Dead in a cellar are a pack of costumed specialists. Sullivan knows one of the men who was killed and he knows exactly who to talk to about it. A local neo-Nazi crime racketeer knows a bit more about the robbery, committed by the men, than he’s telling. Another dead body is found but in a car, pushed into the lake. A Young Lady is starting to remember more about the robbery too, but that it happened in her own house. Or is it a delusion? Jason and Stewart secretly investigate the neo-Nazi’s office but were too late and they nearly paid for it. Annabelle finds footage that would explain why the men were in costume but not the real reason. A meeting setup to close in the investigation blows up in Jason’s face. Annabelle, checking into the identity of the man found in the lake, is given a note passed to her by the young lady who knows there was a robbery at her house. The Nazi baton that was so prized by a few people is the clue to the whole investigation but the clue was dangling by a wire.
This particular episode shows an example of creating a story with a crazed direction. I recall this episode fondly with its nazi crime lord, costumed robbers and mafia story lines. Its quite odd. However, Terry Nation did a superb job bringing it all together. I think the most memorable part is the outfit Jason is wearing when he attempts to make his contact.
A tanker on a lone road almost hits an oncoming vehicle, after the near miss, a young woman was seen in the back of the empty tanker. Or was she? Department S is put on the job to explain the dead driver and to find the missing woman. Jason attempts to contact who he thinks was the girl in the tanker but finds her boyfriend. When another tanker is stolen, the urgency to find out the details is strong. Stewart makes a gamble on his hunches and almost loses his hand yet gains an inside perspective. With 2 million sterling being dangled in front of Stewarts face, the trio knew they were on the right track. Annabelle finds a flight with a shiny package coming from Johannesburg and it’s arriving today , will Department S know how the heist will take place? They better or their investigation will be tanked.
When I initially watched this episode, I had trouble seeing where this story was going. The second time around I found that I more enjoyed the acting of the Jason King character with the various women in this episode. I think this, for me, establishes Jason as a suave, charming, sophisticated agent, who could possibly have his way with any woman he comes across. There are some surprising shots that include jason ogling over women in bathing suits, annabelle topless and Stewart in, to use an Australian slang, budgie smugglers. This episode is eye candy for most who would watch and the story does add an international flair to a standard heist.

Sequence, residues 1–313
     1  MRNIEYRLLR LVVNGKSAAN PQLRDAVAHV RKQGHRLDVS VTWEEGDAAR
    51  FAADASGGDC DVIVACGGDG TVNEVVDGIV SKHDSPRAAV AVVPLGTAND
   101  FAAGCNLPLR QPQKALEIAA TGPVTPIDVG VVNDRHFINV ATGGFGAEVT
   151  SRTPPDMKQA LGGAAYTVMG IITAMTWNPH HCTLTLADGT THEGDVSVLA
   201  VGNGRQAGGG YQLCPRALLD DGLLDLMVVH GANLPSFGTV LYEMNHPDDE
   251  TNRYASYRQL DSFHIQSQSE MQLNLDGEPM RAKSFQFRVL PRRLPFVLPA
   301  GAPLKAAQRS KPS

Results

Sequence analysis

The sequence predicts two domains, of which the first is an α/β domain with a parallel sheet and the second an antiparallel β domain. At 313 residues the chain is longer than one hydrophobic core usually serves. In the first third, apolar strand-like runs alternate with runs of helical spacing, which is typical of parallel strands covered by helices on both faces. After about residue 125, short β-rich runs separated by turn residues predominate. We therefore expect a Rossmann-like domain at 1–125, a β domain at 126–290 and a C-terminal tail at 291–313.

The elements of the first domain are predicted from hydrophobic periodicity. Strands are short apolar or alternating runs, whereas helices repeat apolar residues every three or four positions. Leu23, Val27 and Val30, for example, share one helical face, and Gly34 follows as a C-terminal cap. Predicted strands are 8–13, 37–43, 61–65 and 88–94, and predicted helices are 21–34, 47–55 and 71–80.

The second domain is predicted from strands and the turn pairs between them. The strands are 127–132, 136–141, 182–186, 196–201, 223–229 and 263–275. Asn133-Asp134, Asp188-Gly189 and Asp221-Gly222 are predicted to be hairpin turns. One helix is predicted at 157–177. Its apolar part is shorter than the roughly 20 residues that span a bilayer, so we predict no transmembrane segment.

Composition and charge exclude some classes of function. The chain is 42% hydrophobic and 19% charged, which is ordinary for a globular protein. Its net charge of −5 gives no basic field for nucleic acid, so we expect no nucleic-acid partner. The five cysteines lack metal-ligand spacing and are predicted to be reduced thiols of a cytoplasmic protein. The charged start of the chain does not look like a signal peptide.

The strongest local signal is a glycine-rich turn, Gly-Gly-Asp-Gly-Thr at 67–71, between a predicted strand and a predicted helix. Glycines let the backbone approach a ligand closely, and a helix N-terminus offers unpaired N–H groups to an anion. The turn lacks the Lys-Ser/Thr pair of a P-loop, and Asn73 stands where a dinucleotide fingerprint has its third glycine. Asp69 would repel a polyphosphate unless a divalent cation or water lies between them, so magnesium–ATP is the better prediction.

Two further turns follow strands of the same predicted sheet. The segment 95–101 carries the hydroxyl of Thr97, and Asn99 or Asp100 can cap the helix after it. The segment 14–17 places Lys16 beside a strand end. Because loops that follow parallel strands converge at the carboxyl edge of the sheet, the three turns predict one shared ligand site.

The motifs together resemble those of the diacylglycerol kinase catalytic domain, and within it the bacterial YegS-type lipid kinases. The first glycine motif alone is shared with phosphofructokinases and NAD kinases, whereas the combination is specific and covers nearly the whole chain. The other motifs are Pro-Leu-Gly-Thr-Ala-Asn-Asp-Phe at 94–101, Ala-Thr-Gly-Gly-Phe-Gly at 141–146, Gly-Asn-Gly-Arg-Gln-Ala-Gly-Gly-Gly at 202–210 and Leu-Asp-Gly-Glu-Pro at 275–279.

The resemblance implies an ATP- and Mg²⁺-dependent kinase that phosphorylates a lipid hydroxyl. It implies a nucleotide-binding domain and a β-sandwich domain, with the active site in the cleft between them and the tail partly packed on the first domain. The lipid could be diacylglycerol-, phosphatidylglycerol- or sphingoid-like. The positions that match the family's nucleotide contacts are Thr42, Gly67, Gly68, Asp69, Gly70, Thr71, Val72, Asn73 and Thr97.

Covert Operations in a Chinese Research Facility goes well until the very last minute , Craig Stirling, Sharon McReady and Richard Barrett make an escape just barely through the darkness on the plane they arrived on, however they didn’t escape fast enough to stop chinese bullets from damaging the plane.Tremayne and interested parties anxiously await any news from the spy trio.The Himalayas become the only view from the cockpit as the plane succumbs to the bullets. Was that a mirage of a strange old man? Is this a near death experience? The trio come out unscathed and with only hints of injuries that no longer exist and a sense that something extraordinary has taken place. The operation they started and nearly ended still has to be completed, too much riding upon their return. This is only if they can elude a familiar enemy. Another meeting with the strange old man provides understanding for the “extraordinary “ awareness the trio has been feeling every since the crash.
The beginning in title and the beginning for the series, this episode does a fair explanation of the trios “superpowers”. It is strange that all of the interested parties in this episode come together in what seems like an equivalent to a hippies trip displayed on the television screen. I did enjoy the seriousness the actors portrayed amongst the absurd sets and laughable scenes. However the story, in general, interests me probably due to the fact that I will always be a spy-fi nut. This episode could possibly be confusing to some but the idea of spies obtaining special powers by a leader of a long lost himalayan city (a Shangri-La) is innocently original.
Department S investigates the case due to the VIP onboard, the Head of Department S Sir Curtis Seretse, a top level British Agent, Hallet, and a CEO/British Agent, Walsham, with classified government secrets. The investigation is disrupted and at least one of the crew is involved. A Latvian, a faked radio communication and the alone passenger ex-pilot on the plane are the connection points to the investigation. The suspects or suspect are being held and have had their passports taken away but soon they are returned on orders from a particular British Agent.
Jason, Stewart and Annabelle start their own lines of investigation, Stewart looks towards the British Agent and Jason and Annabelle delve into the life of the CEO. This line of inquiry gives Jason a pain in the neck, however a trap laid by Stewart brings out all the culprits and gets them to fly the coop only to be netted.
This is the beginning of the Department S series and appears to focus more on Stewart Sullivans character than any other Department S agent. Peter Wyngarde’s character Jason King would ultimately become the most popular character but doesn’t show his face much in this story. He does, however, reinforce the Jason King the general public knew and loved. This episode is a decent and mystery filled introduction to the series, it allows “Department S” to grow on you by not being so loud and fantastical.